Steely Gaze

The Tucson Museum of Art presents three generations of sculpture in 'Iron Maidens.'

Three generations of women artists, three perspectives using steel as an art medium: This is the concept for the current exhibition at the Tucson Museum of Art. Bella Feldman, Mary Bates-Neubauer and Kim L. Cridler, the artists featured in Iron Maidens: Cast Metal and Welded Steel Sculpture, first came to prominence in the 1970s, '80s and '90s, respectively. Although the two older artists' work has changed over time, this 21st-century exhibition, curated by Julie Sasse, TMA's curator of contemporary art, presents three very different visions of where steel as a medium can lead.

Metalworking is not a gentlewoman's drawing-room art nor is it for the faint of heart. It's a grueling business that requires fireproof clothes and masks to deal with molten metal and scorching fire. As Sasse points out in her catalog essay, even though these three artists don't identify themselves as "feminist artists" or even specifically as "women artists," they are part of an ongoing tradition of women usurping what is still largely a male domain. Despite labeling or lack of labeling, Feldman's and Bates-Neubauer's works include sculptures about women's bodies, a classic subject for feminist art.

The freshest work is by Cridler, an emerging artist at age 33. Two of her four works are based on the classical form of the vase, but she has stretched the vase form to human scale and then stripped its surface down to a skeletal steel grid. In "Pair," Cridler transforms floral decoration into three-dimensional plaster irises that gleam with a wax glaze and pop out from the grid. In this piece and other steel sculptures, Cridler uses something natural to temper the coldness of the metal rods so that the sculptures are neither industrial nor decorative.

That something is clearest in "Foil." Cridler creates a giant birdbath using the same grid technique. Here the bars of the grid are softened with a wax lining. Decorative panels are placed behind and beneath the birdbath. Only after a moment does the lovely bird pattern resolve into a design of birds strung up by their feet like the spoils of the hunt. "Foil" is not a pretty birdbath and garden trellis writ large, but a subtle reminder that death exists everywhere in nature, even in the beautiful, manicured worlds where we would control it. Such an awareness of the omnipresence of death in life is a natural subject for an artist like Cridler, who grew up on a family farm in Michigan.

The selections of Feldman's sculptures come from three bodies of her work, but unfortunately the exhibition labels don't include dates so it's not clear which works come first. Feldman delivers her political commentary with a sense of irony. She created her "War Toys" in response to the Gulf War. These miniature military vehicles on wheels show the ludicrousness of battle. Their steel construction may be impregnable, but their incisors, wings, arrows and balls are not functional. An illustration of how time changes perceptions is that since the inception of the TV show Battlebots, such vehicles could be functional and destructive. Although it's possible to enjoy the irony and construction of Feldman's "War Toys," it is now hard to step back in time and truly appreciate their impact.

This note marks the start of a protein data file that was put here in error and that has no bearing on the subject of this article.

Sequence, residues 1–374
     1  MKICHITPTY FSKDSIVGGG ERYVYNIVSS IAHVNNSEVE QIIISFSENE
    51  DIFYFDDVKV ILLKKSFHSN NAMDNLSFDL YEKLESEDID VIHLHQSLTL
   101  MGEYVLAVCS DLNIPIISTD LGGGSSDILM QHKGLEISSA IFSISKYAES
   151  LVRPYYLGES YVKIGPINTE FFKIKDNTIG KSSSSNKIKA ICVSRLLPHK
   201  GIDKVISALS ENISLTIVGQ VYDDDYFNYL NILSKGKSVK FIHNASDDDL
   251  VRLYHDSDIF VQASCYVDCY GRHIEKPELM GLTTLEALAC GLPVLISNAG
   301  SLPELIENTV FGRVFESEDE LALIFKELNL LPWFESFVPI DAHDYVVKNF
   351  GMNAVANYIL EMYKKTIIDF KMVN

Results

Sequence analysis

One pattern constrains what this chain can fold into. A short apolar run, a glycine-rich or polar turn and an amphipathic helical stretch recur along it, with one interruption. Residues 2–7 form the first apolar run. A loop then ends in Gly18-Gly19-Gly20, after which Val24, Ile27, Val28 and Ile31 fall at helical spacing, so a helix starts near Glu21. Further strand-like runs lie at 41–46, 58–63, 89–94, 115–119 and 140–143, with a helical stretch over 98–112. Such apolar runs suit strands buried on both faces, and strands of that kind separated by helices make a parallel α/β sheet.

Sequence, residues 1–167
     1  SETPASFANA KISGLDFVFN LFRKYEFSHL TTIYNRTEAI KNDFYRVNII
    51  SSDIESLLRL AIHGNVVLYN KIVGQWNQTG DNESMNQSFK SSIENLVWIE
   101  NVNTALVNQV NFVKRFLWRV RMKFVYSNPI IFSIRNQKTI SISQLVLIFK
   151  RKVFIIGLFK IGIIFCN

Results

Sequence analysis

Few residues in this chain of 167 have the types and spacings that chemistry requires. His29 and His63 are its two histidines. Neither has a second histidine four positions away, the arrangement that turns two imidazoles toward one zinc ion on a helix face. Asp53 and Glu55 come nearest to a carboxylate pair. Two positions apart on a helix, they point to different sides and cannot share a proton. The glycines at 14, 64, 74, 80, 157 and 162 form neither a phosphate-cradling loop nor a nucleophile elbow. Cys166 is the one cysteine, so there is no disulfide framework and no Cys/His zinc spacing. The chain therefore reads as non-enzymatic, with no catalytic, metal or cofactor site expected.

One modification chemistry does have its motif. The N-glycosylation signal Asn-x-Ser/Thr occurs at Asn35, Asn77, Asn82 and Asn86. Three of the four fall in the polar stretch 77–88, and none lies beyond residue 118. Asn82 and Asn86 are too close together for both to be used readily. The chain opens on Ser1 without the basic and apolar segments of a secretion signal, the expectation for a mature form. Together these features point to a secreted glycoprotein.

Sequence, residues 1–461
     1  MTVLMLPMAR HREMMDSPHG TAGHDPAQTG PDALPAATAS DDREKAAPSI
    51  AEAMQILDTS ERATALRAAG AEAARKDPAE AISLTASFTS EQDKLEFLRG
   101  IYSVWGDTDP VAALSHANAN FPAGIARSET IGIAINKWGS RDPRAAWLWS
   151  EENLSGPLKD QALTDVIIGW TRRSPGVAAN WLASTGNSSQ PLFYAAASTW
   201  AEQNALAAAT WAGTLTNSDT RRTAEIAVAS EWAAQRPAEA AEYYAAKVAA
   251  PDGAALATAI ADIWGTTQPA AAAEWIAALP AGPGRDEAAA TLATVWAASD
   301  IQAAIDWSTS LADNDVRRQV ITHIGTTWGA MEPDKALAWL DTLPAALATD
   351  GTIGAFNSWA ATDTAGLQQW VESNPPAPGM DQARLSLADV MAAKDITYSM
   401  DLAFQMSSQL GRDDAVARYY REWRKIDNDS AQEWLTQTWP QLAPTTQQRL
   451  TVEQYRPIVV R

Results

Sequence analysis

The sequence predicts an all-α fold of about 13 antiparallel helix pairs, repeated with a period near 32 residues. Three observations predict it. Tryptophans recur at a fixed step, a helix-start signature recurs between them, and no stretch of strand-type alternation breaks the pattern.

Feldman's "Flasks of Fiction Series" uses 12-inch, blown-glass forms that suggest large perfume bottles bound by steel harnesses. The black bottle of "Flasks of Fiction Series: Thorn" is shaped like an upside-down heart and topped by a steel thorn. The heart curves out like buttocks that are strapped by a patterned thong and girdle. As a woman viewer said, "It's almost nasty," which is to say the work suggests bondage and sexual violence. Yet the thorn and the steel that enclose the breakable heart also can be read as weapon and armor (knife and vest) to protect a fragile heart.

Feldman's third body of work appeals to the junk-heap scavenger in 21st-century Americans. She has taken the rusted leftovers of industrial America and reused them, but Feldman hasn't recycled them in the conventional sense. She has attached them to the museum's ceiling and walls with straps or with cables and pulleys in such a way that it seems they might fall. Is American traditional industry a rusted, antiquated system ready to come crashing down?

Bates-Neubauer's sculptures are large, often bulbous forms that resemble rock formations in mottled colors with a patina. They refer to Modernism in terms of their form, but in the 1990s Bates-Neubauer began using new technology to create her work. Now she digitally scans her drawings and then enlarges them. Casting her steel forms directly from the computer program has added texture to the surface of her pieces.

Some of Bates-Neubauer's forms are suggestive of female sexuality. For example, "Verta," which means vertebrae, has an extended opening that suggests a vagina. A large rock-like form with a bronze patina and hole in the center is titled "You Saved Me," and like most of these sculptures, it is essentially about form, color and surface. While her artwork's aesthetic and her professional execution will find its admirers, the modernist simplicity in Bates-Neubauer's work does not appeal to me.

Bates-Neubauer's work is a reminder of what an eclectic place the art world is now, especially outside of New York. Eclecticism has been a great boon to artists. In the heyday of Modernism, artists who were not doing abstract work had a hard time getting their artwork exhibited. Vases, construction remnants and rocks--even if they are all transformed by steel--show enough of a spread to suggest that the art world is embracing some diversity, and at least a few women artists are part of it.